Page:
Daisaku Ikeda is a Buddhist philosopher, peacebuilder, educator, author and poet. He is the third president of the Soka Gakkai lay Buddhist organization and the founding president of the Soka Gakkai International (SGI), which is today one of the world's largest and most diverse lay Buddhist organizations, promoting a philosophy of character development and social engagement for peace.
Ikeda is founder of the Soka (value-creation) schools, a nondenominational school system based on an ideal of fostering each student's unique creative potential and cultivating an ethic of peace, social contribution and global consciousness. The school system runs from kindergarten through graduate study and includes a university in Tokyo, Japan, and another in California, USA.
Ikeda is a staunch proponent of dialogue as the foundation of peace. Since the 1970s he has pursued dialogue with a wide range of individuals around the world in political, cultural, educational and academic fields. Over 50 of these have been published in book form, with people such as Mikhail Gorbachev, Elise Boulding, Joseph Rotblat and André Malraux. In furtherance of his vision of fostering dialogue and solidarity for peace, Ikeda has founded a number of independent, nonprofit research institutes that develop cross-cultural, interdisciplinary collaboration on diverse issues: the Boston Research Center for the 21st Century (renamed the Ikeda Center for Peace, Learning, and Dialogue in 2009), the Toda Institute for Global Peace and Policy Research and the Institute of Oriental Philosophy. The Min-On Concert Association and the Tokyo Fuji Art Museum promote mutual understanding and friendship between different national cultures through the arts.
Ikeda is a prolific writer who has published more than 100 works, ranging from Buddhist philosophy to biographical essays, poetry, children's stories and photographic collections.
Ikeda was born in Tokyo, Japan, on January 2, 1928, the fifth of eight children, to a family of seaweed farmers. The devastation and senseless horror he witnessed as a teenager during World War II gave birth to a lifelong passion to work for peace, rooting out the fundamental causes of human conflict.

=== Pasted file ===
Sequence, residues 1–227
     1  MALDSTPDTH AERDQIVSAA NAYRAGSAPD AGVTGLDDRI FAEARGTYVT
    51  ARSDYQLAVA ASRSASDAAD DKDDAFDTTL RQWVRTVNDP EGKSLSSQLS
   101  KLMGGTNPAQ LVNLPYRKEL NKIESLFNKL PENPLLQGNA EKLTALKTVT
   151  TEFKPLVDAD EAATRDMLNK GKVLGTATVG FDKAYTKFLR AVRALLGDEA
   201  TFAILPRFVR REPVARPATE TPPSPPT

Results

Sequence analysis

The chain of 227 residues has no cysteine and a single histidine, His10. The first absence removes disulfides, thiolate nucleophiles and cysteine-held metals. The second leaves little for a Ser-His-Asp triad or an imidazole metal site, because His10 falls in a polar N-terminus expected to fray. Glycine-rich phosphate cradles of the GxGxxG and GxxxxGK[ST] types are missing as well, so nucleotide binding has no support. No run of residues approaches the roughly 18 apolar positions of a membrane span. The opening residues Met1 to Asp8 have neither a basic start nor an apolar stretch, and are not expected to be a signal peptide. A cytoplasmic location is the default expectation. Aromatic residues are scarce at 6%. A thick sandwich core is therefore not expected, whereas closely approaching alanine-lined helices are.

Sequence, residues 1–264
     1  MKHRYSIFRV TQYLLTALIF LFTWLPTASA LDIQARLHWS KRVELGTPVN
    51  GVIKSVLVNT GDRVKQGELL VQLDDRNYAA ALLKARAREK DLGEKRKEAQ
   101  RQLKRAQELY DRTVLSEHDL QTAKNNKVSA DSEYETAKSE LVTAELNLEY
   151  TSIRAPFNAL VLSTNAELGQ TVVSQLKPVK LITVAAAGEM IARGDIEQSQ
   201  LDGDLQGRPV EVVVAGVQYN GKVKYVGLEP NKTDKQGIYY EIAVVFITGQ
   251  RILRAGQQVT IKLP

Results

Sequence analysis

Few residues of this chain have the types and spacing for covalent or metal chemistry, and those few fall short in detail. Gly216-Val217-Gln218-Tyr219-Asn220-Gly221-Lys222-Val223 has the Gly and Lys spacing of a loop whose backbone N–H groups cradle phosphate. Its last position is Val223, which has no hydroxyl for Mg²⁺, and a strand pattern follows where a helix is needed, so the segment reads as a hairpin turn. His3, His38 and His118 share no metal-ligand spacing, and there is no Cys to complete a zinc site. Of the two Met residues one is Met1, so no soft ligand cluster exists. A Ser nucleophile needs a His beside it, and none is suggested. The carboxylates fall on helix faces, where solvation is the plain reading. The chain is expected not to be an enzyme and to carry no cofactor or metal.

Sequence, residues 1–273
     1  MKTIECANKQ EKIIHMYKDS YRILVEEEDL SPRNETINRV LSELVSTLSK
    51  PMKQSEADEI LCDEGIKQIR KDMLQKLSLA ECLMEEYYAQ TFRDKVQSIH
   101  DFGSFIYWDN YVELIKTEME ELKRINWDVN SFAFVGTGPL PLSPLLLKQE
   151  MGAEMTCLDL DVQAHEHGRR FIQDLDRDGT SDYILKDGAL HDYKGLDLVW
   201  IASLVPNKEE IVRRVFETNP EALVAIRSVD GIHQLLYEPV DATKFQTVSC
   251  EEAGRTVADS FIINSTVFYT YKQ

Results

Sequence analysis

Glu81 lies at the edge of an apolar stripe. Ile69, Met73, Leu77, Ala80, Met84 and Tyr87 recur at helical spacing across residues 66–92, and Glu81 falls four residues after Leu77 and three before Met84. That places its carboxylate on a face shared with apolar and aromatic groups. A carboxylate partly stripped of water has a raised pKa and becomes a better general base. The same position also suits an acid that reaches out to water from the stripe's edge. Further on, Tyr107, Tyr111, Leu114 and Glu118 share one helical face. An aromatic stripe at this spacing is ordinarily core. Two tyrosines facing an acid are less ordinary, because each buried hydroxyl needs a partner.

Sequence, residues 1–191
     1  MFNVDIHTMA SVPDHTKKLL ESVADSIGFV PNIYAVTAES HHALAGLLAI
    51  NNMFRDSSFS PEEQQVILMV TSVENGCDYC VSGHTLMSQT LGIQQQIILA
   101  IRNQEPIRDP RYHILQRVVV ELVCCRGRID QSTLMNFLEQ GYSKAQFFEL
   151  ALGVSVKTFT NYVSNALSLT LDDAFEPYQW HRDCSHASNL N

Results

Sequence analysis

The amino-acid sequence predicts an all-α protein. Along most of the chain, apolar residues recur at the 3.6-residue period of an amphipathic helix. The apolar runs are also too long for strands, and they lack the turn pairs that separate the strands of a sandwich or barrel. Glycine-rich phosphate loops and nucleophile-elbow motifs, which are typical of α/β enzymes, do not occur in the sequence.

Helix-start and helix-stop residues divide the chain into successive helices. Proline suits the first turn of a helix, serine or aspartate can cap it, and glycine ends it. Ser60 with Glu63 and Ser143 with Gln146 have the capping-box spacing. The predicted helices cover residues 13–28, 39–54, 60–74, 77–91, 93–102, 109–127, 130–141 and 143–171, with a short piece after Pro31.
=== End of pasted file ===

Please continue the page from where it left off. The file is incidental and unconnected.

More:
For much of his early life Ikeda struggled against ill health, nearly succumbing, in his teens, to the ravages of tuberculosis, one of the leading killer diseases at the time. In 1947, at the age of 19, he met Josei Toda (1900-58), educator and leader of the Soka Gakkai lay Buddhist society whose activities were based on the philosophy of the thirteenth-century Buddhist teacher and reformer Nichiren. Ikeda found in Toda an open and unaffected person, a man of unshakable conviction with a gift for explaining profound Buddhist concepts in logical, accessible terms. He soon found employment at one of Toda's companies and later completed his education under the tutelage of Toda, who became his mentor in life.
In May 1960, two years after Toda's death, Ikeda, then 32, succeeded him as president of the Soka Gakkai. Under his leadership, the movement began an era of innovation and expansion, becoming actively engaged in cultural and educational endeavours worldwide. Ikeda has dedicated himself to fulfilling Toda's dreams by developing initiatives in the areas of peace, culture and education.
In 1975, Ikeda became the first president of the SGI, now a global network linking over 12 million members in some 190 countries and territories.
The central tenet of Ikeda's thought, and of Buddhism, is the fundamental sanctity of life, a value which Ikeda sees as the key to lasting peace and human happiness. In his view, global peace relies ultimately on a self-directed transformation within the life of the individual, rather than on societal or structural reforms alone. This idea is expressed most succinctly in a passage in his best-known work, The Human Revolution, Ikeda's novelization of the Soka Gakkai's history and ideals: "A great inner revolution in just a single individual will help achieve a change in the destiny of a nation and, further, will enable a change in the destiny of all humankind."
Ikeda has two sons, Hiromasa and Takahiro, and lives in Tokyo with his wife, Kaneko.
[Adapted from Daisaku Ikeda website]
If a person is hungry, we should give them bread. When there is no bread, we can at least give words that nourish. To a person who looks ill or is physically frail, we can turn the conversation to some subject that will lift their spirits and fill them with the hope and determination to get better. Let us give something to each person we meet: joy, courage, hope, assurance, philosophy, wisdom, a vision for the future. Let us always give something.
Daisaku Ikeda, SGI President
Every year, SGI President Daisaku Ikeda publishes a peace proposal. In addition, he has also made proposals touching on issues such as education reform, the environment, the United Nations and nuclear abolition. >>